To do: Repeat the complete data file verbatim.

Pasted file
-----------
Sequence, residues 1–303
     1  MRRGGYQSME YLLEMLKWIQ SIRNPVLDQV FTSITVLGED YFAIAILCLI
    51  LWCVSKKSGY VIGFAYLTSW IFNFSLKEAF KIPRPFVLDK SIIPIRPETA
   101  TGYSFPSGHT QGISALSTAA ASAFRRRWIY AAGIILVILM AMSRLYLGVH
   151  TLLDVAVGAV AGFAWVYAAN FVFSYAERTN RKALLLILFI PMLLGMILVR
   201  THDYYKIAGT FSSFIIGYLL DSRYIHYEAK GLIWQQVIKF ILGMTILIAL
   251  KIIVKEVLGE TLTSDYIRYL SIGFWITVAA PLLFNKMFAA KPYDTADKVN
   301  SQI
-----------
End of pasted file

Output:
Sequence, residues 1–303
     1  MRRGGYQSME YLLEMLKWIQ SIRNPVLDQV FTSITVLGED YFAIAILCLI
    51  LWCVSKKSGY VIGFAYLTSW IFNFSLKEAF KIPRPFVLDK SIIPIRPETA
   101  TGYSFPSGHT QGISALSTAA ASAFRRRWIY AAGIILVILM AMSRLYLGVH
   151  TLLDVAVGAV AGFAWVYAAN FVFSYAERTN RKALLLILFI PMLLGMILVR
   201  THDYYKIAGT FSSFIIGYLL DSRYIHYEAK GLIWQQVIKF ILGMTILIAL
   251  KIIVKEVLGE TLTSDYIRYL SIGFWITVAA PLLFNKMFAA KPYDTADKVN
   301  SQI